April 14, 2021

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The immortal footprint of the Ponce-born comedian Edwin Gutiérrez Franco

On January 5, 1959, an extremely premature and unexpected death deprived us of what may very well have become the greatest radio and TV comedian in our history.

(Marble bust photo: Gary Gutiérrez)

“The gestures of the clown have a sacramental solemnity.” Peter Ludwig Berger

In memory of the most original and ingenious radio presenter of music and excellent friend, Sergio Negrón Collazo, rightly baptized by the singer Chaguín García as “El Gran Genio de Machuelo”, the person who most revered the mythical figure of the clown and what more images of clowns he collected. And to the great producer from Ponce, an excellent Puerto Rican and personal friend of the biographer and of whom he writes, Don Tommy Muñiz, whose centenary will be commemorated on February 4, 2022.

On January 5, 1959, an extremely premature and unexpected death – at the age of 22 – deprived us of what could very well have become the best radio and TV comedian in our history, Edwin Gutiérrez Franco from Ponce.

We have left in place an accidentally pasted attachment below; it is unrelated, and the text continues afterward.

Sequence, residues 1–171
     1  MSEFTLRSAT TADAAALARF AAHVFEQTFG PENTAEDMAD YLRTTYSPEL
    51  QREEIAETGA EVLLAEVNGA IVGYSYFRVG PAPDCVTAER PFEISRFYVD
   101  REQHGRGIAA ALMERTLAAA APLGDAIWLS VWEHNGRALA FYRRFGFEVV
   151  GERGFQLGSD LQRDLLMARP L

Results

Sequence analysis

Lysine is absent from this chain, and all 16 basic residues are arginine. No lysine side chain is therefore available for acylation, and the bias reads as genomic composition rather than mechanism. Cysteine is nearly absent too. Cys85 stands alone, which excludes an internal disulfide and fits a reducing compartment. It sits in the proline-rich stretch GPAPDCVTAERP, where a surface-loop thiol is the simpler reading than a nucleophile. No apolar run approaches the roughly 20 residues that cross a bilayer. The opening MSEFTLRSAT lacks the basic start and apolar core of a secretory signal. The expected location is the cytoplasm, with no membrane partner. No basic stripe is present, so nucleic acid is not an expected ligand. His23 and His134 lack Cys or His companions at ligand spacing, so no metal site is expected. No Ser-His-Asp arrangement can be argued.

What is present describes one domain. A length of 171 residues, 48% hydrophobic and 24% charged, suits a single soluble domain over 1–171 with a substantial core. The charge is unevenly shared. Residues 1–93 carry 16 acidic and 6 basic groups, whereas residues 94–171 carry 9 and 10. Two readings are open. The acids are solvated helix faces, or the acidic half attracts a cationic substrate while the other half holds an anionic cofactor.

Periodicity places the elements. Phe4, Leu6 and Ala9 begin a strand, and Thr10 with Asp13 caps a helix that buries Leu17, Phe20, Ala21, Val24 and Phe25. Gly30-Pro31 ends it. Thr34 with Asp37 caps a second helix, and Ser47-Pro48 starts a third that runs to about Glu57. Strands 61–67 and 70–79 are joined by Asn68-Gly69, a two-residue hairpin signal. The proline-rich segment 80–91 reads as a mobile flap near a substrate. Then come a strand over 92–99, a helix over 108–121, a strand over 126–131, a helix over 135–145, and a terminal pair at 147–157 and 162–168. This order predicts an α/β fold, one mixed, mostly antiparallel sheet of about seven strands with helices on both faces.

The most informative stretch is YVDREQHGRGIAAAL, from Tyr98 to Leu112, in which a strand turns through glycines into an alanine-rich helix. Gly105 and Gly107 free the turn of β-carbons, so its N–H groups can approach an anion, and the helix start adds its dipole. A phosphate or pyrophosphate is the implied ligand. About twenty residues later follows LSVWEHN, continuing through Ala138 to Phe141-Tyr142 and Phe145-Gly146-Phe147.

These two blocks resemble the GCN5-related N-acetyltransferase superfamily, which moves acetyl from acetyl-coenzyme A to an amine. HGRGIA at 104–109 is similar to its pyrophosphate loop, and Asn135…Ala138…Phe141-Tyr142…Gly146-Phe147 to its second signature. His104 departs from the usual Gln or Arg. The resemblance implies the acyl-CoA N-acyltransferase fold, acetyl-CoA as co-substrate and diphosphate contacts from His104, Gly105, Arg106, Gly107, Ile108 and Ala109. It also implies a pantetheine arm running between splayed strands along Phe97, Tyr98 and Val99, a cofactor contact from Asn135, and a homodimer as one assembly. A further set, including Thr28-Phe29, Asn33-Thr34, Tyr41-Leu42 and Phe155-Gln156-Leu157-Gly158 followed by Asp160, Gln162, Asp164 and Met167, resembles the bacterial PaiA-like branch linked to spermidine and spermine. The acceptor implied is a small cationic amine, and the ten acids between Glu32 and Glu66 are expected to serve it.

He was born on August 14, 1936, in the Segundo neighborhood of Ponce, in the second house, just where Calle Mayor Cantera begins, on the corner of Calle Tricoche.
His best-known character in comedy was called “Genovevo,” the incarnation of a tall, skinny boy with slow reactions, faint talk and driven, whose accelerated career to fame in a sense
it resembled the life of James Dean, in the case of the big screen of American cinema.

The James Dean life slogan says a lot about this that I want to show: “live fast, die young and leave a beautiful corpse.”

He filmed three consecrating films that made him a myth, East of Eden, especially Rebel Without a Cause, and just after finishing the third, Giant, was killed in a traffic accident at the age of 24.

In just two years of public performance under the tutelage of Don Tommy Muñiz, also from Ponce, in the WAPA-TV programs Show del Mediodía and Telefiesta de la Tarde, Genovevo won the hearts of the Puerto Rican people, as well as the Agüeybaná de Oro al Comediante of the Year in 1958.

In that same installment of the Codazos or Agüeybanás de Oro produced by the Cuban presenter Osvaldo Agüero, his double-bond brother, Freddy Gutiérrez Franco -who for several years sang successfully as a soloist, in trios, in groups and with the famous Orquesta de César Concepción- won the award for Revelation Singer of the year.

What pride for his parents, Petra María Franco Santiago and the professional photographer, Pedro Gutiérrez Morales!